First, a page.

Could a Revised Bumper Regulation Save on Repair Costs?
Hear me out on this: I am not a fan of more government regulations, but let’s take a look at new passenger cars and SUVs and their lack of bumper protection, and let me explain. Bumpers have evolved significantly since the U.S. government first implemented a Federal bumper impact regulation in September 1972. It was created to save vehicle owners money by reducing damage in low-speed collisions. The timing was unfortunate because it came into effect just as carmakers were manufacturing their 1973 models. The new standard prohibited functional damage to passenger cars for specified safety-related components such as headlamps and fuel system components when the vehicle is subjected to barrier crash tests at 5 miles per hour for the front and 2.5 mph for rear bumper systems. The standard did not apply to pickup trucks and SUVs. In order to meet the standard within a short development time, carmakers quickly devised an ungainly vinyl insert to cover the gap from the bodywork and two heavy shock absorbers for the front bumper.
The regulation was updated for 1974 model year vehicles, making the standard the same for front and rear bumpers. Most carmakers replicated their solution for the front bumper by pushing the rear bumper out from the bodywork and covering the shock absorber gap with body-color vinyl. This design added weight and detracted from the styling of the car. Thankfully, NHTSA amended the passenger car bumper standard in May 1982, halving the front and rear crash test speeds for 1983 to 2.5 miles per hour, and the corner crash test speed was lowered from 3 miles per hour to 1.5 miles per hour. This saved vital excess weight, as shock absorbers were replaced by brackets, and by this time many chrome bumpers had given way to the design we see today: a full plastic cover, a plastic or foam absorber, and the bumper bar bolted to the vehicle unibody.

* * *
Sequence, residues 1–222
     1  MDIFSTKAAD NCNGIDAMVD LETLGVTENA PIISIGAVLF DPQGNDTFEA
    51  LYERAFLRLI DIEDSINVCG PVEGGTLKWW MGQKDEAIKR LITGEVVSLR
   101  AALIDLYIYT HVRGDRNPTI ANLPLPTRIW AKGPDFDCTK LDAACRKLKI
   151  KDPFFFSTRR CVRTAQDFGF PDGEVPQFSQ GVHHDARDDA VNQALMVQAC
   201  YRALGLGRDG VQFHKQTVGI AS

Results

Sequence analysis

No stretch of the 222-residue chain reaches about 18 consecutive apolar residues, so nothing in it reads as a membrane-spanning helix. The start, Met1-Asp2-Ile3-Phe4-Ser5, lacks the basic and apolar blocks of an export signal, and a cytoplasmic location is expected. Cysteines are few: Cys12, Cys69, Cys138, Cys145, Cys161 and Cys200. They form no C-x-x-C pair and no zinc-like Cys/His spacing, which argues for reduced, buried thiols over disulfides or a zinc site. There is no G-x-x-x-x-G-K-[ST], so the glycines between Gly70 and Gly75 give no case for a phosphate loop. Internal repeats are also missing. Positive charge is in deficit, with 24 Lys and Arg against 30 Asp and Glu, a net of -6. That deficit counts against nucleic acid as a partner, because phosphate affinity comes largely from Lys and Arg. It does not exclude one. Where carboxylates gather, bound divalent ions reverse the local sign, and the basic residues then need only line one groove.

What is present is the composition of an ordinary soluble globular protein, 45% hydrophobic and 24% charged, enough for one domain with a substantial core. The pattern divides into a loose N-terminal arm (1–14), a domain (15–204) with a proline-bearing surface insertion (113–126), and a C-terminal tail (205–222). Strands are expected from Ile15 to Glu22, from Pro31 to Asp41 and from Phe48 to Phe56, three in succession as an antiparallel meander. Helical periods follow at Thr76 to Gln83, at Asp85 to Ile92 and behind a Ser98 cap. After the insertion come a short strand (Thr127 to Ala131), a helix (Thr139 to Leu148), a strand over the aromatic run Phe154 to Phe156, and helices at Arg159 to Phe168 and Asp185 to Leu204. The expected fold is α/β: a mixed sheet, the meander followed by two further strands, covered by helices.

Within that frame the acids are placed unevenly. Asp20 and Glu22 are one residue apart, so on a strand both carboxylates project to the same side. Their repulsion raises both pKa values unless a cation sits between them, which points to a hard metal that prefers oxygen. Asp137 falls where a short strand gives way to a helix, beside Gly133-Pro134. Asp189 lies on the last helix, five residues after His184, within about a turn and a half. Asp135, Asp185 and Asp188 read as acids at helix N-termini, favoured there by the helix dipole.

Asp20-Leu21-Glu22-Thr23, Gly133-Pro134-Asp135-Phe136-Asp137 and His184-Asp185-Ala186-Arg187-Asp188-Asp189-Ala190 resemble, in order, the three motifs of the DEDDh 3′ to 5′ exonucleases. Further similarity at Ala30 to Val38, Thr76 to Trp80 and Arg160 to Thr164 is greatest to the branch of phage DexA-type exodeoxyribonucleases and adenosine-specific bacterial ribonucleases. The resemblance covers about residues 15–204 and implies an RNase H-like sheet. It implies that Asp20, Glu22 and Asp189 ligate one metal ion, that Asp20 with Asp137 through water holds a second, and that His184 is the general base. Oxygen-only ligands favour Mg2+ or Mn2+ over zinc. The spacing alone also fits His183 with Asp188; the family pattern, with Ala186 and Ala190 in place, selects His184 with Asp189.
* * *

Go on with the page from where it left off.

But looking at today’s vehicles, one has to wonder if the regulation is still in effect. Although SUVs represent over 50% of vehicles purchased, they are still exempt from the standard, and a quick look at 2021 model SUVs shows many expensive head and tail lamps in unprotected bumpers. Many passenger cars too, while still technically meeting the standard, have grilles that extend from the hood edge to the underside of the car, with no bumper protection; dramatic styling that offers little protection and leads to some expensive parking lot accidents.
The Insurance Institute for Highway Safety (IIHS) in its bumper tests over the years has documented the increasing costs of low-speed bumper impacts, but vehicle manufacturers don’t seem compelled to change. The average new vehicle buyer, who rarely believes they will ever have an accident, doesn’t take notice either until they have a low-speed collision and are shocked at the repair costs, and potential rate increase after filing a claim.
Is there a need for a revised bumper regulation that would offer vehicle owners a lower cost of ownership because of increased protection in low-speed collisions? Carmakers may point to ADAS equipment as the answer, but I look at so many cars and SUVs with large unprotected grilles and wonder if a revised regulation could be the right thing.
Greg Horn is PartsTrader’s
Chief Innovation Officer.